As Georgia begins recounting ballots and other states investigate reports of voting irregularities during the 2020 presidential election, one senator has introduced legislation aimed at preventing election fraud.
Sen. Josh Hawley, R-Mo., introduced the Protect Election Integrity Act of 2020 Tuesday. The bill would “amend the Help America Vote Act of 2002 to provide for the establishment of election security measures by States and to prohibit ballot harvesting in Federal elections.”
“The debacle of the 2020 election has made clear that serious reforms are needed to protect the integrity of our elections,” Hawley said in a statement. “The American people deserve transparency — that means banning ballot harvesting, empowering poll watchers, and taking steps to ensure that all legally cast ballots are accounted for.”
Hawley's bill comes after reports that ballots were illegally cast for dead people and by out-of-state voters, and Election Day software "glitches" that caused Trump votes to be counted as Biden votes in one Michigan country and a Republican county commissioner being told he actually won his race after being told he'd lost to his Democratic challenger.
The legislation lays out election integrity measures that states must abide by if they want to receive funding under the Help America Vote Act, which was designed to address the voting issues, following the 2000 election that was contested by then-Democratic presidential nominee and former Vice President Al Gore.
According to Hawley’s bill, “A State is not eligible to receive funds under this Act unless the State meets the following requirements with respect to each election held on or after January 1, 2021.”
States seeking funding under the Help America Vote Act would be required to allow “the observation of polling places or counting of ballots, at any site where voting or ballot counting is occurring, by at least 2 appointed campaign representatives per campaign.” Hawley had previously expressed concern about the “secrecy” surrounding the counting of absentee ballots in Detroit, Michigan, where windows were covered up to prevent observers from watching the counting process.
In addition, states would be required to mandate that “mail-in or absentee ballots be counted and recorded immediately upon receipt, with no results to be disclosed until after the closure of polling places on the date of the election.” Currently, laws about when the counting of absentee ballots can begin vary from state to state. The use of mail-in and absentee ballots was significantly more widespread this year because of the novel coronavirus pandemic.
Under Hawley’s bill, states would be required to continuously count ballots until all of the ballots have been accounted for. This year, officials in Fulton County, Georgia, the state’s most populous county, stopped counting ballots at 10:30 p.m. on Election Day, saying they planned to resume counting in the morning. The Protect Election Integrity Act of 2020 would only allow the counting of ballots to stop in cases of “imminent emergency.”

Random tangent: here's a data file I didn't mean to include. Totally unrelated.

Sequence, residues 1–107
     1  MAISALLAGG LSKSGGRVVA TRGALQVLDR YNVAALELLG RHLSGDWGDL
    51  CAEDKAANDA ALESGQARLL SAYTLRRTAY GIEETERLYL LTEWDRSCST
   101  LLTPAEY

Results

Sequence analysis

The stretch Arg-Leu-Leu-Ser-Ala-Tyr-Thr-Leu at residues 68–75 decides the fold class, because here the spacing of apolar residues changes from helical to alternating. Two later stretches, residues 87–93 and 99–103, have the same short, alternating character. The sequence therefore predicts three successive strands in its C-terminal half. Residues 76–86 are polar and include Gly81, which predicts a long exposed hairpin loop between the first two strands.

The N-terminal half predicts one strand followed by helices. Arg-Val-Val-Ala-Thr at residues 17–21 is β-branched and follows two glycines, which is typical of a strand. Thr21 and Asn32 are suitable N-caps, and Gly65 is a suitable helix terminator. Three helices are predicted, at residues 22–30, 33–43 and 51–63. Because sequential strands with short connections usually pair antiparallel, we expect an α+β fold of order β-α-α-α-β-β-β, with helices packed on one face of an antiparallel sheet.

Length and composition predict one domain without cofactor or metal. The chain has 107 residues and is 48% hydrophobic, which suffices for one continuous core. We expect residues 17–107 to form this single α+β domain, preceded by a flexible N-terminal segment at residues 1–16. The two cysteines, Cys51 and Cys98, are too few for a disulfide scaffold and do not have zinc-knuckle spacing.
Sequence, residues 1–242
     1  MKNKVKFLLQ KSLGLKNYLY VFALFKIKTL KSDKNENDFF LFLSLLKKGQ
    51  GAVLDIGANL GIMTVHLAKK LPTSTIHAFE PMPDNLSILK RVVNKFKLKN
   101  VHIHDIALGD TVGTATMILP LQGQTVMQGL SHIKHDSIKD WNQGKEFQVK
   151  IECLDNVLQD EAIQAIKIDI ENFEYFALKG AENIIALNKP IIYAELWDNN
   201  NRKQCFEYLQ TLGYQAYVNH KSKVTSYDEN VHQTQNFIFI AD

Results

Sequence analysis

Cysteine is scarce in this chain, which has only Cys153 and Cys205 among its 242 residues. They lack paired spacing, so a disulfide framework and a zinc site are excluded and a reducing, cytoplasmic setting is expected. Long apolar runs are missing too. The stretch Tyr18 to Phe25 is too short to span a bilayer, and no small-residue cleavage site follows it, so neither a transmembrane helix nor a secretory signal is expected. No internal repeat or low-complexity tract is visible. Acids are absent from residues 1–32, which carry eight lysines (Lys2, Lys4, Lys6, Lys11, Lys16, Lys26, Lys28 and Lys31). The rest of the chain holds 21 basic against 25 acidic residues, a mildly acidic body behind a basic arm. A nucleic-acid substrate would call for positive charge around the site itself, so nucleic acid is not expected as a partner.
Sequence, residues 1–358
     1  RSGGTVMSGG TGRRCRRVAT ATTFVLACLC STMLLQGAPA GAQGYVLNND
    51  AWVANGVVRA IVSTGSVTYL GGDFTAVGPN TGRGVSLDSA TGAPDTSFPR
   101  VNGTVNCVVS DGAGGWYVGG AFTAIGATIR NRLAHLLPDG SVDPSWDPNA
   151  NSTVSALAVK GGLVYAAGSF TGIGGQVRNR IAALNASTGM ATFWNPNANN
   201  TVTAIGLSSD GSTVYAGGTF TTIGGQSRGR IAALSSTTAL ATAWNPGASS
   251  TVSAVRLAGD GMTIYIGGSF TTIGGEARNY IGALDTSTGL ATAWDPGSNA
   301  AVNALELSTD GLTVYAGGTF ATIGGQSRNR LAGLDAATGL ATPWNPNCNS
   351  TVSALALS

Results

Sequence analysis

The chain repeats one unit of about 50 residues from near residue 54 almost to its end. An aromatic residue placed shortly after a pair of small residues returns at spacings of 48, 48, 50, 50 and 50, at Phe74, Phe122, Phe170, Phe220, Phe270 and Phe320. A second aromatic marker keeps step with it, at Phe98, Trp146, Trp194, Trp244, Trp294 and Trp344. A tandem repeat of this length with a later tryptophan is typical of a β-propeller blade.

Funding under the Help America Vote Act would only be provided to a state if “the State has in effect a law that provides for round-the-clock video surveillance monitoring of absentee ballot drop boxes, with unedited footage to be made available upon request to members of the public at no charge.”
Federal funding would also be dependent upon the presence of a state law requiring the supervisor of elections to post a report online illustrating preparations for the general election three months ahead of Election Day. The report would include information about anticipated staffing levels during the early voting period and before and after Election Day, as well as the predicted amount of tabulation equipment at each polling place.
The bill would only award federal funds to a state if it “has in effect a law providing that following the certification of the election, the municipal entity responsible for certifying the election shall conduct a manual audit or an automated, independent audit of the voting systems used in randomly selected precincts.”
In addition to amending the Help America Vote Act, Hawley’s bill would amend the U.S. Code to ban the practice of ballot harvesting nationwide. Currently legal in California, ballot harvesting enables political operatives to collect completed ballots and submit them on behalf of the voters that filled them out. The House Democrats attempted to implement ballot harvesting nationwide as part of the coronavirus aid package known as the HEROES Act, which failed to pass the Republican-controlled Senate.
The Protecting Election Integrity Act of 2020 does allow “an employee of the United States Postal Service while engaged in official duties as authorized by law” and “a family member, household member, or caregiver of the person to whom the ballot was mailed” to submit ballots on another person’s behalf. Anyone who illegally engages in ballot harvesting could face a fine of no more than $10,000 for each ballot collected and up to five years in prison.